Special teams: It's great that Tyler Allen can return kicks – bringing one back to the house in 2013 – but does he have to return so many? Alas, Allen returned 51 kicks last fall, the second-most in college football; it'd be better if he only returned 30, of course. EMU's special teams woes can be tied back to the team's lack of overall talent, which trickles through return teams to coverage teams. Increased talent means more talent can be used in coverage. EMU has almost zero talent to start with, so forget about athletic players running downfield on kickoffs and punts.
POSITION(S) TO WATCH:
Wide receiver: EMU has the MAC's best tight end in Tyreese Russell (44 receptions for 594 yards), a senior who could earn praise outside the league's borders should Roback develop ahead of schedule. The Eagles can also team Russell with Duwhan Alford, a solid in-line blocker and converted fullback with the potential to sneak behind defenders focusing attention on his all-conference teammate. Russell alone can serve as Roback's security blanket, giving the sophomore a bona fide next-level talent to call upon during MAC play. At the same time, EMU clearly needs to augment Russell's production with a solid supporting cast at wide receiver – with locating a proven target out wide a long and painful hurdle for this program to overcome.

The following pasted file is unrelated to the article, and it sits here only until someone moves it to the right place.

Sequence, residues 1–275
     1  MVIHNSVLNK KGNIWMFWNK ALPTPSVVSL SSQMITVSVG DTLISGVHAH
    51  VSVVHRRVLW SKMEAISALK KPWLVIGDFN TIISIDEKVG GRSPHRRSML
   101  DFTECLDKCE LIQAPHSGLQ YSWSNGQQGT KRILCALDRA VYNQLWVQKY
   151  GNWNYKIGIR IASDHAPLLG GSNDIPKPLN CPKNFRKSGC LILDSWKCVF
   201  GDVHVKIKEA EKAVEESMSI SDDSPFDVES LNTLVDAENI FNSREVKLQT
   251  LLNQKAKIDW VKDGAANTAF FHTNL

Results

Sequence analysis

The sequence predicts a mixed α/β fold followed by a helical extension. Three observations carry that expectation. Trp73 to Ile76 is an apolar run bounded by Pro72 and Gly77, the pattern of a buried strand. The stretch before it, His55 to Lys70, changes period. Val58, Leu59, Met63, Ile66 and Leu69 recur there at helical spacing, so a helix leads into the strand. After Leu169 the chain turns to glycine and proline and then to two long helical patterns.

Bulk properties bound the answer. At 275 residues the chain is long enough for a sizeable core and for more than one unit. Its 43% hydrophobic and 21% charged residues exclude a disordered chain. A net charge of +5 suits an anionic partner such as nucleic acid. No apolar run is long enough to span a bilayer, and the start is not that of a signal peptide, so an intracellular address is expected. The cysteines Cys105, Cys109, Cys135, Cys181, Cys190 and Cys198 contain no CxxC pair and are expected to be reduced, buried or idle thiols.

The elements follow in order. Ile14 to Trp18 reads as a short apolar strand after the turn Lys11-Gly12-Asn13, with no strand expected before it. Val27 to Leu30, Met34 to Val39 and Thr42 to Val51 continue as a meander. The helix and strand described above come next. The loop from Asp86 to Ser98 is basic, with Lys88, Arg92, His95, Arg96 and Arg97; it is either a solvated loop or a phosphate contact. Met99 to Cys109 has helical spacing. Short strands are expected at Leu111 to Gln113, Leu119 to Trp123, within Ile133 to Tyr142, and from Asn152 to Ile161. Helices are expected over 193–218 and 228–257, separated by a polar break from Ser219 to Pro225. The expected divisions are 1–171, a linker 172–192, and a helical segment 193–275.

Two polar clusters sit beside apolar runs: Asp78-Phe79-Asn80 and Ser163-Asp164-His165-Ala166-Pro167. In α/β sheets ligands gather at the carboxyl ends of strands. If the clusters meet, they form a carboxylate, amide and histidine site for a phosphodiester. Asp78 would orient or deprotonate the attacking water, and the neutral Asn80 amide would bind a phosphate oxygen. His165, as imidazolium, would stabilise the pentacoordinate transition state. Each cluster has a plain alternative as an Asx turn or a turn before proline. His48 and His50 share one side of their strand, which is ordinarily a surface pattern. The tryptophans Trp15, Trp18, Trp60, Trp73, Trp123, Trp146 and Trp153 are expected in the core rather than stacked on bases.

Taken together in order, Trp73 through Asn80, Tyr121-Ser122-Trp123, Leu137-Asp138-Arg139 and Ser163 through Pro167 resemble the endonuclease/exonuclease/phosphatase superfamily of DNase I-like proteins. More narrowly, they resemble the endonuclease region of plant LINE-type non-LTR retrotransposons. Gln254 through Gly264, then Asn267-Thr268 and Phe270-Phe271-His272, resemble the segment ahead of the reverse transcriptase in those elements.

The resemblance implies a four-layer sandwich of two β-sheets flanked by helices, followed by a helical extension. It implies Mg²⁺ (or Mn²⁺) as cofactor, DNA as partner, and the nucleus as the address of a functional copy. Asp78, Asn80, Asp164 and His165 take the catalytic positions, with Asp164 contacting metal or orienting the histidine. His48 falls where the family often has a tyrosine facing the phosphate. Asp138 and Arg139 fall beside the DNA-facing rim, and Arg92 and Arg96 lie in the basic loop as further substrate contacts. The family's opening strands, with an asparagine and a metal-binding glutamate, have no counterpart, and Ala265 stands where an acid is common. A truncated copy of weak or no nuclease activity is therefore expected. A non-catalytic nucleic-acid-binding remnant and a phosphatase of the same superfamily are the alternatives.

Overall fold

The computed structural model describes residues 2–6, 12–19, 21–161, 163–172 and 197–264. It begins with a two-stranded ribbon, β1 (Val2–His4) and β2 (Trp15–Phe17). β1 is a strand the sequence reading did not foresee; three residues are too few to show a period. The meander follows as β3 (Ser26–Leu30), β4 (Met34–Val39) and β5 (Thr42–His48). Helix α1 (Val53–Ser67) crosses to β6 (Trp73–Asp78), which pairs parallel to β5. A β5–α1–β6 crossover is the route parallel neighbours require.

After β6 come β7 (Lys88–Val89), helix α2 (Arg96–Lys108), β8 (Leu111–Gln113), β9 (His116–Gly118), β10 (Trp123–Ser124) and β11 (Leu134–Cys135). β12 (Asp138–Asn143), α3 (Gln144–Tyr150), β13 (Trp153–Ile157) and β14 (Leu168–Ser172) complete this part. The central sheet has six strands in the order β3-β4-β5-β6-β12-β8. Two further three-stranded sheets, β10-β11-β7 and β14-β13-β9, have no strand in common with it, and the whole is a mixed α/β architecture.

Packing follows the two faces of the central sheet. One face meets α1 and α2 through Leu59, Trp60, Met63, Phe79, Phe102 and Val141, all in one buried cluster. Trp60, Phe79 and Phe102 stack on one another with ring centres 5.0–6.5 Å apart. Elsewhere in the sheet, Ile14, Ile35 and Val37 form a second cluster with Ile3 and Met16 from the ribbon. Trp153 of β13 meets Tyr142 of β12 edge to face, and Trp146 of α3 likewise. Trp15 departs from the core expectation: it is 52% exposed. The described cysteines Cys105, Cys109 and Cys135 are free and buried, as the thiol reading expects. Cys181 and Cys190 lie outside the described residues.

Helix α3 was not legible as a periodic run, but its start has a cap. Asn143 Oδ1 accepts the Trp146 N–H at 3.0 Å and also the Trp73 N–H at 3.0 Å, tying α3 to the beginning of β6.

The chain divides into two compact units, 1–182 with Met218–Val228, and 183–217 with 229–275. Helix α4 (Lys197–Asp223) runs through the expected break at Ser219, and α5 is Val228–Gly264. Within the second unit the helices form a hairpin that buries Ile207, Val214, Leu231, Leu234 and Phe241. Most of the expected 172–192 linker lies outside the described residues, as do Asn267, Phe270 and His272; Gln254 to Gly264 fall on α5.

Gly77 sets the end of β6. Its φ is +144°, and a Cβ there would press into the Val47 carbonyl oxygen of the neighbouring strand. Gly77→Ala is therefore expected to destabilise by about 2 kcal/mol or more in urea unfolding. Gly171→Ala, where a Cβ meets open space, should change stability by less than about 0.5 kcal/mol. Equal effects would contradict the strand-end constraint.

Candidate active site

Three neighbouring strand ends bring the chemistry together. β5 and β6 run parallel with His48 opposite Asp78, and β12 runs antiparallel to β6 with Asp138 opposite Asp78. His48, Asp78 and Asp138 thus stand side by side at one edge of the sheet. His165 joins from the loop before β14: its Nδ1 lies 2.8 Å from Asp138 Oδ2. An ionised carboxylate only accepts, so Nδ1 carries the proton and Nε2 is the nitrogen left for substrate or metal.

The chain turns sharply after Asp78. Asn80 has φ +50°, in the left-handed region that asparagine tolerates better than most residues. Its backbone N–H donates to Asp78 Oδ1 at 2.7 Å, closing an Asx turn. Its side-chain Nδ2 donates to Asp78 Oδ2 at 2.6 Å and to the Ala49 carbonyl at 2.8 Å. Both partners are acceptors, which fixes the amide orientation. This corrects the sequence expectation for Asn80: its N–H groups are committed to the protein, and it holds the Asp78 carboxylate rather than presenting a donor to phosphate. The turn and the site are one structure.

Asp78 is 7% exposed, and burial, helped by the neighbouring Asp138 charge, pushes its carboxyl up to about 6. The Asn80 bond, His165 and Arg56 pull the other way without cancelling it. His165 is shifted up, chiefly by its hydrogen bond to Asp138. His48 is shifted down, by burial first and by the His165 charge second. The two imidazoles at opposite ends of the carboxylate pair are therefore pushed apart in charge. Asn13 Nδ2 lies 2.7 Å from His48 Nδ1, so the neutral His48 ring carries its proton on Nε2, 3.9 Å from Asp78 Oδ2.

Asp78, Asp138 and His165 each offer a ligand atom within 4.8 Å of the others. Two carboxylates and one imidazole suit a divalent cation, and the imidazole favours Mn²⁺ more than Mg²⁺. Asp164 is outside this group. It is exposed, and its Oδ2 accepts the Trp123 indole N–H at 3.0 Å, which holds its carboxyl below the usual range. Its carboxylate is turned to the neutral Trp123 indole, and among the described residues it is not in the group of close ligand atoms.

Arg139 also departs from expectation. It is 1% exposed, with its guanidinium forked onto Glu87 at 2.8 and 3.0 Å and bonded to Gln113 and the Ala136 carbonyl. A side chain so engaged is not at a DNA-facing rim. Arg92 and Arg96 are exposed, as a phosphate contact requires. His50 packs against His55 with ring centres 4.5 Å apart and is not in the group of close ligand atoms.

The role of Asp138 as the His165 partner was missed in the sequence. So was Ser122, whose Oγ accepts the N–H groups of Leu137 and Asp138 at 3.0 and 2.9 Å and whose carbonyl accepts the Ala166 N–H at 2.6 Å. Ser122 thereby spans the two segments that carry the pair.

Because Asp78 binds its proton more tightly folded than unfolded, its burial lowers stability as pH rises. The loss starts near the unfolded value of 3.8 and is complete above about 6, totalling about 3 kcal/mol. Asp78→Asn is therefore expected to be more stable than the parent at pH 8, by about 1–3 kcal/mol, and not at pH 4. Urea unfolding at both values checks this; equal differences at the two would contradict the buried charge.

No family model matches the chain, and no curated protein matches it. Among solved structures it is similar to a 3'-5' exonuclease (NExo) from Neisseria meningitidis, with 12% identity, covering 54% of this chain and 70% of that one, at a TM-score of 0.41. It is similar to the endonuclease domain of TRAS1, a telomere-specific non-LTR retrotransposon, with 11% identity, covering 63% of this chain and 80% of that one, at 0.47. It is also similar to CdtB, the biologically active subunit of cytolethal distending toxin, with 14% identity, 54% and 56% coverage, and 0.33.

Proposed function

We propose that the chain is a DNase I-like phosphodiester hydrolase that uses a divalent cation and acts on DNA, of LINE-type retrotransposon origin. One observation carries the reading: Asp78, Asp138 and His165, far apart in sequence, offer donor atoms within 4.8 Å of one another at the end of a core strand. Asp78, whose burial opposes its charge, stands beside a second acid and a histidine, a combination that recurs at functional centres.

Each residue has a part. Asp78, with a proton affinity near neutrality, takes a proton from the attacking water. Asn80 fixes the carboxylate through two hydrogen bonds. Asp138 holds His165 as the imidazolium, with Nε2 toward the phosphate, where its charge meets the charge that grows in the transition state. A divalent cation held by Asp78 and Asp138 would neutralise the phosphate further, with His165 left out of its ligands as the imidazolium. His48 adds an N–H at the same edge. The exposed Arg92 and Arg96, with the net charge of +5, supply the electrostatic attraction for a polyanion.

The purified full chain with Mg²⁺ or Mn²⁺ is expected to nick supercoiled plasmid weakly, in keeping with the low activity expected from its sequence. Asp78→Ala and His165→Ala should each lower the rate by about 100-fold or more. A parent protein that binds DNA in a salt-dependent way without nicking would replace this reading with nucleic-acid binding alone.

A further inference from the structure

Beyond Roback, the key to the entire offense may be the play of juniors Dustin Creel (46 for 593) and Jay Jones (25 for 293), the only two legitimate receiver options on the roster. In this case, the Eagles will need help from a pair of good-bodied freshmen, Jacob King and Austin Stone, who took a redshirt last fall; junior David Gibson, who caught a touchdown pass from Roback in the spring game; and incoming freshman Kenny Jones, the gem of February's recruiting class.
GAME(S) TO WATCH: